Nigeria’s oil dependent future faces more uncertainty
Nigeria’s economy though said to be considerably diversified in terms of GDP composition, still has about 80 percent of foreign exchange earnings coming through oil receipts. The future of oil is now increasingly uncertain, not only on account of general growing interests in renewable energy, but as more governments and automobile companies express readiness to put an end to the era of petrol/diesel powered vehicles.
Last week in what appeared to be a game changer, China, the world’s most populous nation expressed readiness to eventually ban the sale of all fossil fuel-powered cars in the country, within a timeline to be determined.
Xin Guobin, the Chinese vice minister of industry and information technology, was quoted expressing the view that the government is working with other regulators on a timetable to end production and sales. The move will have a profound impact on the environment and growth of China’s auto industry.
China’s vehicle sales numbers have led the world recently, and are increasing at an impressive clip annually, and with the recent announcement, it becomes logical for automakers to start reconfiguring their long-term strategy to focus on Electric vehicles; also making it imperative to wonder what happens next with Nigeria’s oil, just like many other countries which seem unprepared for a future beyond oil.
Similarly, India, the largest destination of Nigerian oil, according to the National Bureau of Statistics (NBS), is also planning for a greener and more environmental friendly future with projected bans on the use of petrol cars. India plans to replace all petrol- and diesel-fuelled cars with EVs by 2030, although getting the supporting infrastructure may prove to be a herculean task.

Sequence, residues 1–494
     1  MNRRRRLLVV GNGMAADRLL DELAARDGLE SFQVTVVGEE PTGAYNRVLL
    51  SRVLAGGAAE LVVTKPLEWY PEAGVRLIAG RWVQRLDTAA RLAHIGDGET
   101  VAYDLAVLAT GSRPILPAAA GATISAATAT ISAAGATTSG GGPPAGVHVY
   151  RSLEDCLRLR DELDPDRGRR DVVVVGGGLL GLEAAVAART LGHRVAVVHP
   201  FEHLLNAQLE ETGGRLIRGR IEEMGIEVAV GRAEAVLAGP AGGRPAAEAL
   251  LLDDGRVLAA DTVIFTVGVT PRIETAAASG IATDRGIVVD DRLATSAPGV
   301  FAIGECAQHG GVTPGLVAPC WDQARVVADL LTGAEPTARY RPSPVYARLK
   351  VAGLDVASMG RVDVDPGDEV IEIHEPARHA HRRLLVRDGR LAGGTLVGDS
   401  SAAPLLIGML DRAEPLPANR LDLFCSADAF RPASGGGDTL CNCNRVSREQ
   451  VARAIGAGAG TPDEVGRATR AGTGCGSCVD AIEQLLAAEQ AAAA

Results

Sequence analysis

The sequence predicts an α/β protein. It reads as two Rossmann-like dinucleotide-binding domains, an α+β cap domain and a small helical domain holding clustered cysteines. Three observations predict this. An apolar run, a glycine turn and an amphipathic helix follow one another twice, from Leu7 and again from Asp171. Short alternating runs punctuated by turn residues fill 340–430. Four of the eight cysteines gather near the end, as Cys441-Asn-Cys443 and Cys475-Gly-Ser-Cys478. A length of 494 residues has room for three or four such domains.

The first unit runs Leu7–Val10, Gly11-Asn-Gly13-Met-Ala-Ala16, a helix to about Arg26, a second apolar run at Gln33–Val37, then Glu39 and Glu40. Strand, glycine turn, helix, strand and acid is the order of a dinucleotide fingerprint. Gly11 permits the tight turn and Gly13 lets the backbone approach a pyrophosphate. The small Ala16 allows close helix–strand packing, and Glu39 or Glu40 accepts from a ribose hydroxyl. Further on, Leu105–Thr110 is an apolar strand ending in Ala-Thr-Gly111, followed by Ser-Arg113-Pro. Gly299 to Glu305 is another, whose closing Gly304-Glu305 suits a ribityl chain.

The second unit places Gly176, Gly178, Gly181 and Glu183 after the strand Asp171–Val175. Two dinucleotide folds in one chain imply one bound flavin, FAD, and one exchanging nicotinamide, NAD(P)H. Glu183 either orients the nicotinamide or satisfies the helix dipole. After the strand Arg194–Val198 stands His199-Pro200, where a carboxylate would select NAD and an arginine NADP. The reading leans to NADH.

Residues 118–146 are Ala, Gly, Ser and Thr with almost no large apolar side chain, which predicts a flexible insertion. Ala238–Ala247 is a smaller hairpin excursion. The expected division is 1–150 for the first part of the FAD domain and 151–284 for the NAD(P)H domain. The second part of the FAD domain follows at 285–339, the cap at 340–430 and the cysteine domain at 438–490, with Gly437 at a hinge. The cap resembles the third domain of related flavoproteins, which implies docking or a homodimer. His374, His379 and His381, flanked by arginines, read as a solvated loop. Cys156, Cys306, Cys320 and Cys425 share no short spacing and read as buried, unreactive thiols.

The United Kingdom has also disclosed plans to impose a ban on petrol and diesel cars by 2040, just as Sweden, France, and Norway have expressed similar intentions.
These plans to phase out petrol and diesel cars are riding on the back of the desire to tackle air pollution problems and limit global warming in the face of climate change.
In order to limit global warming to below 2 degrees Celsius (3.6 degrees Fahrenheit), the target set by the landmark Paris Agreement on climate change, the world will need 600 million electric vehicles by 2040, according to Paris-based International Energy Agency (IEA).
Electric cars are considered a better and greener alternative to fuel-driven cars because, irrespective of the source of their power – solar, hydro, wind, biofuel, or even nuclear – they produce zero carbon in operation.
As more countries seem willing to embrace a future where oil has a lesser role to play, Nigeria’s plans for the future are yet to be known.
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